There are situations when the IP address of a server must be changed. This may happen due to a security issue (e.g. Distributed Denial of Service attack) or other network requirement. When this change occurs it will affect your website if you specify the IP address in your web server settings or in email client settings. Anyone trying to get to the address used before the change will not be able to see your website and the browser will report that it cannot connect. The following article explains the actions you would need to take if the address changes. We will also discuss how to determine if you are using a third-party DNS. This will help you to recognize when and where you would need to make changes to your DNS. There is also a brief discussion on how DNS propagation affects these changes.
Identifying the DNS server for your domain
First you need to determine if your DNS settings are saved with InMotion’s DNS servers or with a third party server. If your domain’s name servers are pointed to InMotion Hosting, then you are using InMotion Hosting’s DNS. You do not need to make any changes to your DNS if you are using InMotion Hosting’s DNS because the IP addresses will automatically be changed for you. If your domain name is pointed elsewhere then it is not using InMotion’s name servers and you would need to update the IP address used to point to the InMotion Hosting server. The setting containing the IP address is generally called an A record. An A record very simply a record that is composed of an IP address. Quite literally, the DNS setting will be identified as an “A record”.
Using WHOIS to identify your name servers
You can determine your domain’s name servers by using a WHOIS query or service. Here is an example of the results that you may see using WHOIS:
Example of a domain with the name servers pointed to InMotion Hosting:
Domain name: EXAMPLE.COM
Name Server: NS1.INMOTIONHOSTING.COM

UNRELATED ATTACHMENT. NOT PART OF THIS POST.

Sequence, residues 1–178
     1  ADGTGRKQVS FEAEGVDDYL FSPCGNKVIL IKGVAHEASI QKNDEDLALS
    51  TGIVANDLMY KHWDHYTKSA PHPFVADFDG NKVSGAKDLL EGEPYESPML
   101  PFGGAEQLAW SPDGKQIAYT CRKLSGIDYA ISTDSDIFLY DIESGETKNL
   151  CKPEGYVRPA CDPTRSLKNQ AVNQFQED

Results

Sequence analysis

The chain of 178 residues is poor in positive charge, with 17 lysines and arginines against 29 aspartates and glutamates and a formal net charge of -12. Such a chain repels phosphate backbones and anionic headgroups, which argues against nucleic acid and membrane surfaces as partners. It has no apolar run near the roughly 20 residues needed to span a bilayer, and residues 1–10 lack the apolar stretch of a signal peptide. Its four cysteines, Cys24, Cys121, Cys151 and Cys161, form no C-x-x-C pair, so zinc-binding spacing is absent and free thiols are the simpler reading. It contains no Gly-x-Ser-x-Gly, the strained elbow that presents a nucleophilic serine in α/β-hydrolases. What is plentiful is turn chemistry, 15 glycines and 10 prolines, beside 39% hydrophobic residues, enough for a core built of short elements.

Name Server: NS2.INMOTIONHOSTING.COM
Example of a domain using a third-party DNS:
Domain name: EXAMPLE2.COM
Name Server: ns.domainserver1.com
Name Server: ns.domainserver2.com
Name Server: ns.domainserver3.com
Name Server: ns.domainserver4.com
After running the WHOIS query (or using an online WHOIS service), you can immediately identify if the domain name is using the InMotion Hosting name servers by looking at the “name server” field. If you see ns1.inmotionhosting.com and ns2.inmotionhosting.com then you are using the InMotion Hosting DNS. If you see something else, then the domain is using a third-party DNS.
Shared servers and VPS/Dedicated Servers
If you are using a third party DNS and you reference the IP address that has been changed, then you must update the IP address in the third party DNS interface. If you are using InMotion Hosting’s DNS, you do not need to make any changes to the DNS because it is automatically changed for you.
IP Address changes with a third-party Host
Like InMotion Hosting, third party hosts may change their IP address for specific reasons. If this happens and you are pointing to a third party server, then the IP address you are using will need to be updated. This is generally done through the cPanel Simple DNS editor or cPanel Advanced DNS editor. If you are on a VPS or dedicated server, you can use the Web Host Manager(WHM) to make DNS changes.
Email clients are programs that are installed to manage email. You will only need to change the settings in your email client if you have used the IP address to reference the server. You do not need to make changes for the webmail clients, or if your settings were using the domain name to reference the server. For further information on changing these settings, please consult your email client’s documentation. The location of these settings will vary from program to program.
How to find your shared IP
If you are not familiar with finding the IP for your shared server account, please go to How to find your shared IP address in cPanel.
Effect of Domain Propagation
The final thing to consider when you are making changes to the DNS or IP address is the amount of time required for the update to be recognized over the internet. This period of time is known as DNS propagation. This is typically a short delay of no more than 24 hours during which the change in DNS would not be recognized.